Differences in the biologic activity of 2 novel MEK inhibitors revealed by 18F-FDG PET: analysis of imaging data from 2 phase I trials.
Kraeber-Bodéré F., Carlier T., Naegelen VM., Shochat E., Lumbroso J., Trampal C., Nagarajah J., Chua S., Hugonnet F., Stokkel M., Gleeson F., Tessier J.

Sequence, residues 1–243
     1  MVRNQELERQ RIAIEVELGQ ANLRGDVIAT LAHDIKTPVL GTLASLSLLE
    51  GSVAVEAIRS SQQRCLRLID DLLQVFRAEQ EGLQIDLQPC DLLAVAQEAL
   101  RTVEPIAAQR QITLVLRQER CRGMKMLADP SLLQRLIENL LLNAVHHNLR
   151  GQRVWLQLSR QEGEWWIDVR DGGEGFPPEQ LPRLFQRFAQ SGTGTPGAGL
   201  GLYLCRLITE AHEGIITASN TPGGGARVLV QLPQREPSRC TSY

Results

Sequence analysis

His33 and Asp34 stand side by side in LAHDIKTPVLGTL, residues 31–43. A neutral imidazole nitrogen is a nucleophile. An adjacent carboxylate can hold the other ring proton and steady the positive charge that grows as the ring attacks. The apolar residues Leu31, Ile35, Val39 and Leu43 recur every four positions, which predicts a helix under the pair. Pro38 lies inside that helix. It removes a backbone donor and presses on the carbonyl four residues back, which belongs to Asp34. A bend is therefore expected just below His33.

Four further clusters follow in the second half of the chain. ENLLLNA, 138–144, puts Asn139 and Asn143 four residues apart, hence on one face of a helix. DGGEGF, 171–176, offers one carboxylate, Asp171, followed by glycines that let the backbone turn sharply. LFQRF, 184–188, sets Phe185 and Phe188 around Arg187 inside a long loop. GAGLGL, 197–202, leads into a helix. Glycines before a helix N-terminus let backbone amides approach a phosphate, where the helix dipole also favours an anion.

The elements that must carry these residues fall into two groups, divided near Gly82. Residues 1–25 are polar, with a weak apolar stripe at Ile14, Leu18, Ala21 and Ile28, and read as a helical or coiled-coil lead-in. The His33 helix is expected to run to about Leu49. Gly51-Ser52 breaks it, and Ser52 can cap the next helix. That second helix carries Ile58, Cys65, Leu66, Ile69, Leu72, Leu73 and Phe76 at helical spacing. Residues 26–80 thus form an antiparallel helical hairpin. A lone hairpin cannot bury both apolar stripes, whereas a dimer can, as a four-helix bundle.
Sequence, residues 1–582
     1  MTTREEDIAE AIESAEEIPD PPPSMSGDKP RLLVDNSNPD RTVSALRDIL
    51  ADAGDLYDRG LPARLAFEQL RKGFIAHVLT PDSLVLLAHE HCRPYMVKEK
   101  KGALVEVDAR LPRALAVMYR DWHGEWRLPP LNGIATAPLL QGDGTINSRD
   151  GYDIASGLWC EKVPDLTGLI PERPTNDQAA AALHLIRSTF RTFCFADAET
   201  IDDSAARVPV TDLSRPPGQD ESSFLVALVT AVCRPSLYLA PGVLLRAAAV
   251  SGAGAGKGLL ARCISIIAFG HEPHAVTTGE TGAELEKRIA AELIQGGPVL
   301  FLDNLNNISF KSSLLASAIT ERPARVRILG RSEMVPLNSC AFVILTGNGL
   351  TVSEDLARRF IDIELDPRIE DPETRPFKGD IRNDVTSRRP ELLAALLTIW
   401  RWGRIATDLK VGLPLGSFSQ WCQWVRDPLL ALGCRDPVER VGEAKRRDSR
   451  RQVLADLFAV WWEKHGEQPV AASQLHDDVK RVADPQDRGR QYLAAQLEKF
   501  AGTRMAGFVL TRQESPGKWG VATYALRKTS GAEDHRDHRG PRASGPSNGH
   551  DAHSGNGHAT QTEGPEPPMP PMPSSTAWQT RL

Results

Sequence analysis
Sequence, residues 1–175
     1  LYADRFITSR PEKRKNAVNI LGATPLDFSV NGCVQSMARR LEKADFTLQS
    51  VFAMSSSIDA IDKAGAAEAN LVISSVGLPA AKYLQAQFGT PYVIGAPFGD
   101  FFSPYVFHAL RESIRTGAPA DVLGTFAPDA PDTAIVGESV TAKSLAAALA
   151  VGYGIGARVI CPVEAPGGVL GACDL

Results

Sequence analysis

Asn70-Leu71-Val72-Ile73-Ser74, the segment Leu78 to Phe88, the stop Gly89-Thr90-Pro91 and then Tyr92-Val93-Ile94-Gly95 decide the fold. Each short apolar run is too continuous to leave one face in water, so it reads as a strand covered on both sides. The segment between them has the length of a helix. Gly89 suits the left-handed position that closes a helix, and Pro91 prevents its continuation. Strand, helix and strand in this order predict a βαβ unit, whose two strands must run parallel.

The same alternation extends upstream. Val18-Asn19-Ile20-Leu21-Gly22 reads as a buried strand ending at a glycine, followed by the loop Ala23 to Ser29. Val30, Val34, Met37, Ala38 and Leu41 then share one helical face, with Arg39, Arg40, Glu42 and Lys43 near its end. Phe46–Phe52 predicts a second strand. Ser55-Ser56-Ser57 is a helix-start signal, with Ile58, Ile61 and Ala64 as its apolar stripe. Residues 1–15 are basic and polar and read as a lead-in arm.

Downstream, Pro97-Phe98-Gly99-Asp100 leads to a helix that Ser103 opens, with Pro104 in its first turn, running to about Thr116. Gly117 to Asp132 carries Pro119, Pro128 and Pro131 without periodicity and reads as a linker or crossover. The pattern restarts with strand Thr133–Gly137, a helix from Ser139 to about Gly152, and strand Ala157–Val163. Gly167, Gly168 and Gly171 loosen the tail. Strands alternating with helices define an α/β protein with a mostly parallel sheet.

UNLABELLED: Two mitogen-activated protein kinase kinase (MAPK2, also known as MEK) inhibitors were assessed with (18)F-FDG PET in separate phase I clinical studies, clearly illustrating the potential of metabolic imaging for dose, dosing regimen, and compound selection in early-phase trials and utility for predicting nonresponding patients. METHODS: (18)F-FDG PET data were collected during 2 independent, phase I, dose-escalation trials of 2 novel MEK inhibitors (RO5126766 and RO4987655). PET acquisition procedures were standardized between the 2 trials, and PET images were analyzed centrally. Imaging was performed at baseline; at cycle 1, day 15; and at cycle 3, day 1. A 10-mm-diameter region of interest was defined for up to 5 lesions, and peak standardized uptake values were determined for each lesion. The relationship between PET response and pharmacokinetic factors (dose and exposure), inhibition of extracellular-signal-regulated kinase (ERK) phosphorylation in peripheral blood mononuclear cells, and anatomic tumor response as measured by Response Evaluation Criteria in Solid Tumors was investigated for both compounds. RESULTS: Seventy-six patients underwent PET, and 205 individual PET scans were analyzed. Strong evidence of biologic activity was seen as early as cycle 1, day 15, for both compounds. (18)F-FDG PET revealed striking differences between the 2 MEK inhibitors at their recommended dose for phase II investigation. The mean amplitude of the decrease in (18)F-FDG from baseline to cycle 1, day 15, was greater for patients receiving RO4987655 than for those receiving RO5126766 (47% vs. 16%, respectively; P = 0.052). Furthermore, a more pronounced relationship was seen between the change in (18)F-FDG uptake and dose or exposure and phosphorylated ERK inhibition in peripheral blood mononuclear cells in patients receiving RO4987655. For both investigational drugs, PET responses tended to be greatest in patients with melanoma tumors. (18)F-FDG was able to identify early nonresponding patients with a 97% negative predictive value. CONCLUSION: These data exemplify the role of (18)F-FDG PET for guiding the selection of novel investigational drugs, choosing dose in early-phase clinical development, and predicting nonresponding patients early in treatment.